Judges Toss Ohio’s Congressional Map, Declaring It Unconstitutional

May 3, 2019 by Dan McCue

A three-judge panel of federal judges tossed Ohio’s congressional map Friday, holding that it was a partisan gerrymander favoring Republicans and ordering that the districts be redrawn for the 2020 elections.

The unanimous decision said that as drawn the map violates voters’ rights to democratically select the representative of their choice. It also prohibits the state from holding any other election relying on the current map and gives the state until June 20 to propose an alternative map.

“We are convinced by the evidence that this partisan gerrymander was intentional and effective and that no legitimate justification accounts for its extremity,” the judges said. “The 2012 map dilutes the votes of Democratic voters by packing and cracking them into districts that are so skewed toward one party that the electoral outcome is predetermined.”

In the underlying lawsuit that led to the ruling, Democratic voters, the A. Philip Randolph Institute and other voters’ rights groups claimed the redrawing of the map after the 2010 Census resulted in a permanent 12-4 Republican advantage in the Ohio delegation.

During a recent hearing of the case, a representative of the institute testified that Democratic voters were unfairly placed in some districts and split between others during the map-making process, diluting the party’s political power.

In response, the Republican lawmaker defendants said the map had bipartisan support and that the case is irrelevant because a new map will be drawn immediately after the upcoming 2020 Census.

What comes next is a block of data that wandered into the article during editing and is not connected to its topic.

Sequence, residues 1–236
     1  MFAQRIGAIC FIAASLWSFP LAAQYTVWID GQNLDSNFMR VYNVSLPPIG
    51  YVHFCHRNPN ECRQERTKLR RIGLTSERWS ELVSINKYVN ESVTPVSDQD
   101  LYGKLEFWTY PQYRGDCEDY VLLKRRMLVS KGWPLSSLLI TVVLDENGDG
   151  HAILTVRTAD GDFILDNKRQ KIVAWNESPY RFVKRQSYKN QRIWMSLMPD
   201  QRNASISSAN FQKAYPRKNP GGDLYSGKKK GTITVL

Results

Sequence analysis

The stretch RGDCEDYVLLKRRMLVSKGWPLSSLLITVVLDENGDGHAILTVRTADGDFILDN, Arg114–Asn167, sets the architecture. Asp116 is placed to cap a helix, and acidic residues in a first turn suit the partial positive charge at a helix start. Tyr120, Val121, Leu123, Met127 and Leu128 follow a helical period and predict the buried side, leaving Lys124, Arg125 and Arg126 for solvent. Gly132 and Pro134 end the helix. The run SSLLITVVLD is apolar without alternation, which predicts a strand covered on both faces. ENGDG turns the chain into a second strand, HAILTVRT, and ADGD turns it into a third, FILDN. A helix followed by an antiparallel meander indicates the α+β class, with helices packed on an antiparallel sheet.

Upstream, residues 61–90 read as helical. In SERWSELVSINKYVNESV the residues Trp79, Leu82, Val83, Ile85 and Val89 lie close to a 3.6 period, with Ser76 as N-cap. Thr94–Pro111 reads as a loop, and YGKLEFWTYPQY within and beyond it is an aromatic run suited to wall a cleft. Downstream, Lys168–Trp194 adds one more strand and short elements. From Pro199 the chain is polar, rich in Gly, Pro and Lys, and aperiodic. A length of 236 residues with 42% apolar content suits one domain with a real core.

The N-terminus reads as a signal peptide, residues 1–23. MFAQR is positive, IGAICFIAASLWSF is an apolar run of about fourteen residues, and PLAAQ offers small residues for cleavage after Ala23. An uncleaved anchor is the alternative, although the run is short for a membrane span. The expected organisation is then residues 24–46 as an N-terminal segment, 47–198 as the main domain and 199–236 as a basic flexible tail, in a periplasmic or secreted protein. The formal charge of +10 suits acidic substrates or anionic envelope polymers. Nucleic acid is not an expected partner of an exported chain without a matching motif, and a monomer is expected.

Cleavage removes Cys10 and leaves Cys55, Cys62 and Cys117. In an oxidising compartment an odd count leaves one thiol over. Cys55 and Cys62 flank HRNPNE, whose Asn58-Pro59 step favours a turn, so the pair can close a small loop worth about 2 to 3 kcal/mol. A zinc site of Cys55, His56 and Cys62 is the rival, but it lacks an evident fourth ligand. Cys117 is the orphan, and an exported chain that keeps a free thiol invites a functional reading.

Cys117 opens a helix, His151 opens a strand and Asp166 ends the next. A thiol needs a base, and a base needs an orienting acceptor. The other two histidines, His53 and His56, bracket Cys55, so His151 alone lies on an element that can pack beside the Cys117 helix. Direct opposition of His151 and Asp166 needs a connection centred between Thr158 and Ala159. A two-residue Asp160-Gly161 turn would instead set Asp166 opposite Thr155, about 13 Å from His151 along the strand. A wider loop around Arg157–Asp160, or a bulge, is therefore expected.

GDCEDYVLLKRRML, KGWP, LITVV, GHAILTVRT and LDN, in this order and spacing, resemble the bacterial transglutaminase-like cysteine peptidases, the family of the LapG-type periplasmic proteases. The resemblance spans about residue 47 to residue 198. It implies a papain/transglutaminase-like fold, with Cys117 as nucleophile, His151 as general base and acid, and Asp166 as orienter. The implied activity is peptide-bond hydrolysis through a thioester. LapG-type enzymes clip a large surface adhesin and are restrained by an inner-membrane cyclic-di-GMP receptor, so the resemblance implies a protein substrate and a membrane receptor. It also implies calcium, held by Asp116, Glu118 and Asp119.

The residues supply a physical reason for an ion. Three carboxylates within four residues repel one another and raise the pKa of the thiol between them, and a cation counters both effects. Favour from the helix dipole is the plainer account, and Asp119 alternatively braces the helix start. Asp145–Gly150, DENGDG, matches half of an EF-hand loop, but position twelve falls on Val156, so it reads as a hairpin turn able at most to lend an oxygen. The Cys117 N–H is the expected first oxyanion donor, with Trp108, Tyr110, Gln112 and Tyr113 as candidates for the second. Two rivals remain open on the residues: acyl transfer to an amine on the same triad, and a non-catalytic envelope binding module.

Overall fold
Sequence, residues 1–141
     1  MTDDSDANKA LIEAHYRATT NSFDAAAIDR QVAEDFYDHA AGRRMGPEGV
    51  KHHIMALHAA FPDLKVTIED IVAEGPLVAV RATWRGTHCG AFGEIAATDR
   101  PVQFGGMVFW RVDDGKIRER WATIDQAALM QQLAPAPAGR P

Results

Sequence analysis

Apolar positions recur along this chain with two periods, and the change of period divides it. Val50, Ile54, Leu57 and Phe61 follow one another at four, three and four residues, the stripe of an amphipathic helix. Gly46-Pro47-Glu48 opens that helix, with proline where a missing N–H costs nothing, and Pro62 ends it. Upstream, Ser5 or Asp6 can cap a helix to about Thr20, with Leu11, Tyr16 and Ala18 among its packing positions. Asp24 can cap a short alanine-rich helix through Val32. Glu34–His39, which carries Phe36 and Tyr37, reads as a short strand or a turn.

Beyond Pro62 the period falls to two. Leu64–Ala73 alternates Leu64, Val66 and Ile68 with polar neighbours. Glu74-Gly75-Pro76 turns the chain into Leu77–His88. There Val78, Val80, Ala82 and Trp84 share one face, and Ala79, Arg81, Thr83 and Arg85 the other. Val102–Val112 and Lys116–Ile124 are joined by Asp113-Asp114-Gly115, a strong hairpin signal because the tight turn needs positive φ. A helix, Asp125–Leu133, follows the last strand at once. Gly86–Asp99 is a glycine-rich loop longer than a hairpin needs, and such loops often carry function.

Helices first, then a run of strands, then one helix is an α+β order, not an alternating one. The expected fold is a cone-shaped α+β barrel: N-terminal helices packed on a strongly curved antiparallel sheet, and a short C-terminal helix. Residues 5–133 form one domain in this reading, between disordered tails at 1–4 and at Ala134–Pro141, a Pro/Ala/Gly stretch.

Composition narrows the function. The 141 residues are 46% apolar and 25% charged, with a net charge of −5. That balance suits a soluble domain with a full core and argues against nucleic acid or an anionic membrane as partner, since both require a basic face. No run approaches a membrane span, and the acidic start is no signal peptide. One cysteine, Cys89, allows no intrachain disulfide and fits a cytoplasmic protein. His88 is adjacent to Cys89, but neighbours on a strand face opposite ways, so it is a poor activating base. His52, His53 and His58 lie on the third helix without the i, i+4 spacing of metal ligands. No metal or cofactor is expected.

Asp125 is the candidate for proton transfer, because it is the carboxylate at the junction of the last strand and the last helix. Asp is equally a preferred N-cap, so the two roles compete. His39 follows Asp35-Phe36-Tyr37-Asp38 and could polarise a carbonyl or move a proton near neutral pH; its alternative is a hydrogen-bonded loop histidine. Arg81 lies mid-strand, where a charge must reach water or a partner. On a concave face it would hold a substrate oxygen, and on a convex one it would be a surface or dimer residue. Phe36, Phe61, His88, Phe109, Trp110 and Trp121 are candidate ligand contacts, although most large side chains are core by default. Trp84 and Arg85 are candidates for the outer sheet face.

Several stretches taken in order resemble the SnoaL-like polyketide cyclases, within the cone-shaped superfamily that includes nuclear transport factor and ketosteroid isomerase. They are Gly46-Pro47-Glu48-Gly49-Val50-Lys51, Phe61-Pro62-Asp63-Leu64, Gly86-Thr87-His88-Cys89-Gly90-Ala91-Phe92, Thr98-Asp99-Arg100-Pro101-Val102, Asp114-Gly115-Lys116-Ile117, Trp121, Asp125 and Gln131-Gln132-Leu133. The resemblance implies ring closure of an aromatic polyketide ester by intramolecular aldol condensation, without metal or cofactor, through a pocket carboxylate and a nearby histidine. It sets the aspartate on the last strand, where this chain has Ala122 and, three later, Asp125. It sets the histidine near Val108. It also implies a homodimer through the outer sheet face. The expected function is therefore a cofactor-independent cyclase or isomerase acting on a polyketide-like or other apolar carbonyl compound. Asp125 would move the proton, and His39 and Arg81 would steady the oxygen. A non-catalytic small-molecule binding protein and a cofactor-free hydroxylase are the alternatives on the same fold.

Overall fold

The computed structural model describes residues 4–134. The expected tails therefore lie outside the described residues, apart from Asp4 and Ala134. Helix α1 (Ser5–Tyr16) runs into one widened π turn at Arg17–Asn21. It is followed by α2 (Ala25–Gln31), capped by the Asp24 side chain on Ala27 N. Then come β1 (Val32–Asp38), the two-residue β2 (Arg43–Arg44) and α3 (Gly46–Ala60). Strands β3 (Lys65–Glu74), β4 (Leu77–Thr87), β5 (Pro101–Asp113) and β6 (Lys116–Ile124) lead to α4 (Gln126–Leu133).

Attorneys for Republicans said the map resulted from compromise with Democrats and noted that each party lost one seat after reapportionment reduced Ohio’s U.S. House delegation because of population shifts in the 2010 Census.

The delegation went from 13-5 Republican to 12-4, they said.

Ohio Democrat and presidential candidate, Representative Tim Ryan,called Friday’s ruling “a huge victory for the State of Ohio and our democracy.”

“Partisan gerrymandering has become the unfortunate status quo in the United States, and it’s about time we end this undemocratic practice,” Ryan said. “These unfair maps perpetuate a cycle where districts are drawn to benefit the people in power. Ohio voters should choose their representatives, not the other way around. We must still remain vigilant and ensure that state elected officials draw a truly bipartisan, fair map. Fair maps mean fair elections.”

The U.S. Supreme Court is already considering challenges to congressional maps in North Carolina, drawn by Republicans, and Maryland, drawn by Democrats, that plaintiffs claim were partisan gerrymanders.

The Justices are expected to rule on those cases next month.

Earlier this month, a three-judge panel in Michigan ruled that state’s congressional and legislative maps are unconstitutionally gerrymandered, and ordered the state legislature to redraw some districts for 2020.

The judges in that case wrote that GOP mapmakers in 2011 drew maps with the goal of ensuring “durable majorities” for Republicans.

Appeals of both the Ohio and the Michigan ruling are expected.

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